The spotter system 100 can have a bench press board 110, to support the weightlifter for various exercises, such as the bench press. Board 100 is supported by uprights 111 and 112. Upright 112 can be secured in holes 113 in horizontal beams 101 by pins 114, to secure the location of board 110 relative to spotter system 100. By securing the location of board 110 relative to spotter 100, the safety of the weightlifter can be enhanced and the efficiency of the exercise improved.
A pair of vertical smooth shafts 106 are fixedly held in parallel between horizontal beams 101 and top beams 104. Shafts 106 each have stop ring 107 to hold the shaft in place against top beams 104. A pair of brackets 108 each support a clamp 109. Each clamp 109 grips one of shafts 106.
Spotter-arms connecting-plate 131 is slidably attached to vertical smooth shafts 106 via top ball bushing 136 and bottom ball bushing 137. The spotter arms 132 are held in place via this spotter-arms connecting-plate 131. Each spotter arm 132 has a forward vertical protrusion 133 and a rearward vertical protrusion 134, to keep the barbell confined on the spotter arms 132 when the barbell is resting on spotter arms 132. One or both of spotter arms 132 are hollow and contain a force transferring system 800. The force transferring system 800 transfers the weight of the barbell supported on the arms 132 to a load-cell 807 thereby allowing a computer control system 200 to determine the extent to which the weightlifter requires a spot. The majority of the force transferring system 800 is contained within the hollow interior 132A of one of the spotter arms 132. The force transferring system 800 includes a top plate 801. The top plate 801 extends between the forward vertical protrusion 133 and the rearward vertical protrusion 134 and supports the weight of the barbell. Internally threaded nut 125 is attached to nut mount 130. Nut mount 130 is connected to spotter-arm connecting-plate 131 via reinforcing plate 138.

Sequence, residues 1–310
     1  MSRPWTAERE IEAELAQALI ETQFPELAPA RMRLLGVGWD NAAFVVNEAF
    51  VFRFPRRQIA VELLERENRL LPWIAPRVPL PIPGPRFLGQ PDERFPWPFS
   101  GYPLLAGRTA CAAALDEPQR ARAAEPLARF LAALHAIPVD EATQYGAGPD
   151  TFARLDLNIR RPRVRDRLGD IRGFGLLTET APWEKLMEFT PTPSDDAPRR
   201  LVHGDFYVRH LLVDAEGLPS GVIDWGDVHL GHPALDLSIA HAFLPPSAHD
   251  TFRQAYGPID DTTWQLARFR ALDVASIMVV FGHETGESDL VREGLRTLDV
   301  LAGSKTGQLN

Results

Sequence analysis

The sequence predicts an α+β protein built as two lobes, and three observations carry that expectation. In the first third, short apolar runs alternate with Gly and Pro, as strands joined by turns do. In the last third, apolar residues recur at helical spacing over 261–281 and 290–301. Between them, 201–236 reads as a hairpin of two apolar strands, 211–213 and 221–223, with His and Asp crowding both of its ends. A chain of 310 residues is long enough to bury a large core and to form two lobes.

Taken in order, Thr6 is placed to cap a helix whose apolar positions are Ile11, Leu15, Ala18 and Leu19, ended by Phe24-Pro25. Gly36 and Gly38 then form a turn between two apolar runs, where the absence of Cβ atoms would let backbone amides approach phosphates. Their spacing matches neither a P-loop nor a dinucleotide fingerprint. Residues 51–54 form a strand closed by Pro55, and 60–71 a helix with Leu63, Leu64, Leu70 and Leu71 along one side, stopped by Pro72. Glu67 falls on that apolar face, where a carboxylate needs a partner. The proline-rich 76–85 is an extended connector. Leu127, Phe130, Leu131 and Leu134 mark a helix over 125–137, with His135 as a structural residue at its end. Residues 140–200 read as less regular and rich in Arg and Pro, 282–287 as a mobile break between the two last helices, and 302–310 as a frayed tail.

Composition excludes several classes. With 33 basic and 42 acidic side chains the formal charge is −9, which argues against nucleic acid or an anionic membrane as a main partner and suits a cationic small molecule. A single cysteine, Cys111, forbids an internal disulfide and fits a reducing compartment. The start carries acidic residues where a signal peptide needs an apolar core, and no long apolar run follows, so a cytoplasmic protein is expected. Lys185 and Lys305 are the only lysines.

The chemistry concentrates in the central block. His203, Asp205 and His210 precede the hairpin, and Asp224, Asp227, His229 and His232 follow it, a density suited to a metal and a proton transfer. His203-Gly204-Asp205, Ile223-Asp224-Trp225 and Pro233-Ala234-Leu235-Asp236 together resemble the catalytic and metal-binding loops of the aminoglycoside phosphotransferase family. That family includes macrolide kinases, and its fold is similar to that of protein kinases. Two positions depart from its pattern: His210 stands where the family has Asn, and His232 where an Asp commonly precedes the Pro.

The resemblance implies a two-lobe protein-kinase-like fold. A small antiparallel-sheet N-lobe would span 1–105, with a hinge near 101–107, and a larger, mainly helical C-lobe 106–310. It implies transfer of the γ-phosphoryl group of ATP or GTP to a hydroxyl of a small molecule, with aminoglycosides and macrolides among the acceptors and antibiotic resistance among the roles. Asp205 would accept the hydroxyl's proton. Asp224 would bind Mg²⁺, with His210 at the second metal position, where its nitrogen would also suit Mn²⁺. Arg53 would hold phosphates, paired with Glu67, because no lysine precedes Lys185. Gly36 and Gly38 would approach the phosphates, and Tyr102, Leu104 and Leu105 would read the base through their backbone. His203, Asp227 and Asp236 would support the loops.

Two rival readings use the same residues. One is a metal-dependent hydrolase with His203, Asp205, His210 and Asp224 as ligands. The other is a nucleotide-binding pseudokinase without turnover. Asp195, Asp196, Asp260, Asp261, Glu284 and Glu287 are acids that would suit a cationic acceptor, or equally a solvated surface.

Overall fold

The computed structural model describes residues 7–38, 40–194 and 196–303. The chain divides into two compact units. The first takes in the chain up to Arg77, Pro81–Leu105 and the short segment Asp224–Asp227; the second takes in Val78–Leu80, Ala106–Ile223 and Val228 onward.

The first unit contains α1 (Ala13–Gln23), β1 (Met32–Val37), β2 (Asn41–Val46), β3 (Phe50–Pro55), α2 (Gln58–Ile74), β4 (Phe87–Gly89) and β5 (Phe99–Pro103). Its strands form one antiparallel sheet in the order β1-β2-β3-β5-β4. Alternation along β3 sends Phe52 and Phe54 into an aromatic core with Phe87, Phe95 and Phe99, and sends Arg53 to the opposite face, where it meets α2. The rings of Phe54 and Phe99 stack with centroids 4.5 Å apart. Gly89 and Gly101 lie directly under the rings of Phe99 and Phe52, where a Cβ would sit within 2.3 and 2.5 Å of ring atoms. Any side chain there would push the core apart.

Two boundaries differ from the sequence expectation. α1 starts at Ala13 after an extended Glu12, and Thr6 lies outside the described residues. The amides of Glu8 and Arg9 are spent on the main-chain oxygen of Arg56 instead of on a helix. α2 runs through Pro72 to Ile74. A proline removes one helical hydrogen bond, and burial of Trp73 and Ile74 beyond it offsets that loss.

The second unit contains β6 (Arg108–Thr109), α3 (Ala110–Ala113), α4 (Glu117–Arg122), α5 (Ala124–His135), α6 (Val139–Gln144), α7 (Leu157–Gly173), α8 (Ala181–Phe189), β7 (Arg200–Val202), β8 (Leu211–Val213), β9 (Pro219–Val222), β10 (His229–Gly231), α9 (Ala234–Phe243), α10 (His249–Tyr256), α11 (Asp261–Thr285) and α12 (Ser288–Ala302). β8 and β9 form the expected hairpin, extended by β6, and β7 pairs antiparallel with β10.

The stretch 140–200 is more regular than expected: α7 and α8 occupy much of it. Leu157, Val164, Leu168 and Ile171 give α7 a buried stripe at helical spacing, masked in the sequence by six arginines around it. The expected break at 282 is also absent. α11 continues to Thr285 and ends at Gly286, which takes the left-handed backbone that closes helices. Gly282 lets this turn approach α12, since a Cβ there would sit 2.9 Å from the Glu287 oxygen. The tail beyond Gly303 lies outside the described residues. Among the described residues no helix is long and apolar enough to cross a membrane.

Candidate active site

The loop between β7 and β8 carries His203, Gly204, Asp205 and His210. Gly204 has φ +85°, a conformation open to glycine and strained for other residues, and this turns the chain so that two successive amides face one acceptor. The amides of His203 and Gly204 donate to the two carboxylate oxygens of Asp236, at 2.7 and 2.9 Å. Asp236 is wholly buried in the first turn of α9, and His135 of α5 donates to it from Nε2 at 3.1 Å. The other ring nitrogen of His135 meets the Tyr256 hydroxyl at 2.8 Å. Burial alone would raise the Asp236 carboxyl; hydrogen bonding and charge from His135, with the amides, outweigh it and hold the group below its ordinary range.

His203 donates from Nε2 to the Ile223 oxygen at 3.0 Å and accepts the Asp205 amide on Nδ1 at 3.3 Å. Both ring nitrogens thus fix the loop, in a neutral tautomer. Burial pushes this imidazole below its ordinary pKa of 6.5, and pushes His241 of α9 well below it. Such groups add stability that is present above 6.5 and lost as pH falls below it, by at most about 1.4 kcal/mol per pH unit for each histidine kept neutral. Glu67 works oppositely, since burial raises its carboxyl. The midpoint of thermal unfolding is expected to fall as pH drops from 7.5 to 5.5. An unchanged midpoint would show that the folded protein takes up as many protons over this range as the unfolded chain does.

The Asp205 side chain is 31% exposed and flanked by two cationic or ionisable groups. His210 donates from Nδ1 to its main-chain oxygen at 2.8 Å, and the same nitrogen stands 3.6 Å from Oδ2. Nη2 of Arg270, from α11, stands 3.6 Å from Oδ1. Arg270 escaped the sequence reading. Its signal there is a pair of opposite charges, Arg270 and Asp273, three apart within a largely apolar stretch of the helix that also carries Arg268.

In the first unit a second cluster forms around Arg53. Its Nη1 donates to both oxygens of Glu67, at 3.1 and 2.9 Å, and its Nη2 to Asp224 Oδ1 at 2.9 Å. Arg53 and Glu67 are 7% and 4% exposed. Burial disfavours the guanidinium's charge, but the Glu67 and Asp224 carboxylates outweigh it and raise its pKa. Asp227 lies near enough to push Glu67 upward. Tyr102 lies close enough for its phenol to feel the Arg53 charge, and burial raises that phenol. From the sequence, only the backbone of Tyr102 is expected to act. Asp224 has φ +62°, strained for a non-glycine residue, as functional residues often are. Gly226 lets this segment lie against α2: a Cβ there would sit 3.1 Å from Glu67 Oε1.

Direct current (DC) motor 120 rests on motor mount 121. DC motor 120 is chosen among motors commercially available, to deliver torque to gear box 122. Gear box 122 can have two purposes. The first purpose may include providing a mechanical advantage (MA) to the torque of DC motor 120, at the expense of motor RPM (revolutions per minute). Thus, the gear box 122 will multiply the torque of motor 120 by a factor of MA while dividing the RPM of DC motor 120 by the same factor of MA. This torque-speed tradeoff can provide increased torque to lead screw 124. It is possible that gear box 122 may simply have a mechanical advantage of unity. Gear box 122 has a second purpose, in FIG. 1, which is to provide a right-angle change to the direction of the torque generated by DC motor 120.